- Oflaxacin is a drug that has lost its exclusivity and although that doesn't make the drug completely worthless, I'm going to pretend it does to appease the pessimistic among us.
- Nitrogress is a drug that has also lost its exclusivity. Again that doesn't make the drug completely worthless, but for the sake of argument we will pretend it does.
- Purevision declined by about 11%. Personally, I'm inclined to think that this relates to some troubles with Walgreens Boots Alliance, inc (NASDAQ:WBA), which should currently be resolved. Nonetheless I'm treating it like a trend and projecting further declines every quarter.
- Arestin sales cratered by 35%. The cause of this is unknown, but such a substantial decline doesn't look like mere distribution problems.
- Wellbutrin is a tricky one. The Wellbutrin sales fell off a cliff in 3Q16. The product sold 30% less than in the previous quarter. This might have something to do with the WBA troubles, but it might also mean the start of a trend. I am subscribing to the latter situation.
- Xenazine has shown sequential declines in every quarter since 3Q15. This to me definitely looks like a trend and I am treating it as such.
- Isuprel looks a bit like Xenazine in terms of sequentially declining so I am treating it accordingly.
- Xifaxan actually reported a decent sequential growth of 13% and, in my opinion doesn't really need a downward adjustment. However, a contributor accused Valeant of 'window dressing' the Xifaxin revenues to appease Takeda. For those who are not familiar with Takeda: Valeant was supposedly in talks to sell Salix (which includes Xifaxin). The contributor alleges (in the comments section) that the window dressing was done to generate a higher selling price. Of course, this claim is completely unsubstantiated and without fact. We'll go with it anyway to appease the skeptics.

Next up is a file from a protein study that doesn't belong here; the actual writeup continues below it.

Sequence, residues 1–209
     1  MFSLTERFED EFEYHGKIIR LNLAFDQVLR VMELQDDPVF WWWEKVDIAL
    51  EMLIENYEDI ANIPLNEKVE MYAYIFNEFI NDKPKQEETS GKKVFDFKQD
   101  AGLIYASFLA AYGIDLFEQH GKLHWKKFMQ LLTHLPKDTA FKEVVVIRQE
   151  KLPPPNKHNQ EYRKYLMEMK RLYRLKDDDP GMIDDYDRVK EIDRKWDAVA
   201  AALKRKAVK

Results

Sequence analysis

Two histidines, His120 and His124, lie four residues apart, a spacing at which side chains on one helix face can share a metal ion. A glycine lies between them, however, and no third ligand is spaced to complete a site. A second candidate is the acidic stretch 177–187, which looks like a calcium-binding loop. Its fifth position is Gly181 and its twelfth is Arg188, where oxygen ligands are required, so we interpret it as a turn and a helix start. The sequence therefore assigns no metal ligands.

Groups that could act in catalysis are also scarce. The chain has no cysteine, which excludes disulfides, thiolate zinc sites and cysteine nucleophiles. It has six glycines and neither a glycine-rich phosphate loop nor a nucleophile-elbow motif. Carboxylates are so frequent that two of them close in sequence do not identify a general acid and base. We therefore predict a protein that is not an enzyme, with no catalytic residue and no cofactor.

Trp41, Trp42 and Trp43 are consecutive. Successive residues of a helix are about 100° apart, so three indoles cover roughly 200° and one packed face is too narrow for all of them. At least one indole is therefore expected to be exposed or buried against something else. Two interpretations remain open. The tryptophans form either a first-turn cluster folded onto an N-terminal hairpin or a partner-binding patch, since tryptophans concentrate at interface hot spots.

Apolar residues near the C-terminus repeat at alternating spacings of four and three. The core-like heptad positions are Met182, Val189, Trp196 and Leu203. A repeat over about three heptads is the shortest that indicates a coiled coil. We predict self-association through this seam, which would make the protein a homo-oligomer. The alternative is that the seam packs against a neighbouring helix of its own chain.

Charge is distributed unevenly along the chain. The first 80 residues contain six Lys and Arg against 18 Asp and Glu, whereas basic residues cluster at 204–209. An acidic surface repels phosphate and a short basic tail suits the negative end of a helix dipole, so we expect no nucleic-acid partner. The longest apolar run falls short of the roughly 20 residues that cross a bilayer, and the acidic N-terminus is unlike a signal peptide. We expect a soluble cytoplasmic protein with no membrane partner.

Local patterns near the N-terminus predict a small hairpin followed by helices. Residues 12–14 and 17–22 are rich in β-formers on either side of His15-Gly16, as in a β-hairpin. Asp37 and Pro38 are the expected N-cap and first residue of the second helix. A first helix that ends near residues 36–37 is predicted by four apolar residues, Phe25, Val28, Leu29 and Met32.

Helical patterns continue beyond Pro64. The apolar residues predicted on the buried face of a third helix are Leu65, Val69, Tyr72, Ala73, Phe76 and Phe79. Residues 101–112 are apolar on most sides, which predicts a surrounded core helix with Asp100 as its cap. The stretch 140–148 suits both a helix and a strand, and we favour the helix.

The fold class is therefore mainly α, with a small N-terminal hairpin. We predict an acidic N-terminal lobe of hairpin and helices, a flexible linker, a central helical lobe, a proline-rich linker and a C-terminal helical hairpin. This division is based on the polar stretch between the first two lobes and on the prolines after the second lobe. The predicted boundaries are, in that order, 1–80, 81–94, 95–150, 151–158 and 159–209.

I understand that this might be a confusing read, so I have created a table below with my revenue loss projections:
I estimate the total EBITDA loss at about $354 million annually or approximately $89 million a quarter. Now I want you to remember a couple of things:
- Brodalumab does not exist in this projection, because I have completely ignored it in spite of the fact that some analysts predict annual peak sales of $500 million.
- Every other product is projected with flat revenues, regardless of how reasonable this is. For example, Jublia reported a 42% sequential growth. Solodyn, Glumetza, Relistor, Syprine, Cuprimine all reported at least double digit sequential growth numbers.
- There are no additional drugs to market. The reality is that Valeant is expecting to launch 50+ new products in 2017 alone.
The only adjustments here I'm willing to agree with are the restructuring costs, the goodwill impairment and the share-based compensation. That leaves a quarterly EBITDA of $1,092 million. After correcting this for the quarterly EBITDA loss of $89 million explained above, we are left with $1,004 million in quarterly EBITDA or a full year 2017 guidance of $4 billion in EBITDA. Keep in mind that this is without growth in the current products and without including any of the 50+ products that Valeant is expected to market in 2017. Nor does this include 'blockbuster' Brodalumab.
Including the new products, the growth of the current products and Brodalumab might well put the EBITDA number on $4.15 billion. In other words, I'm estimating that these products might cumulatively add $358 million in annual revenue. This is less than some expect Brodalumab to bring in by itself.
Therefore I expect the company to guide between $4 and $4.15 billion EBITDA if some of my draconian assumptions prove to be true. If, as I expect, I was too harsh, the company could provide a higher guidance.
Disclosure: I am/we are long VRX.
I wrote this article myself, and it expresses my own opinions. I am not receiving compensation for it (other than from Seeking Alpha). I have no business relationship with any company whose stock is mentioned in this article.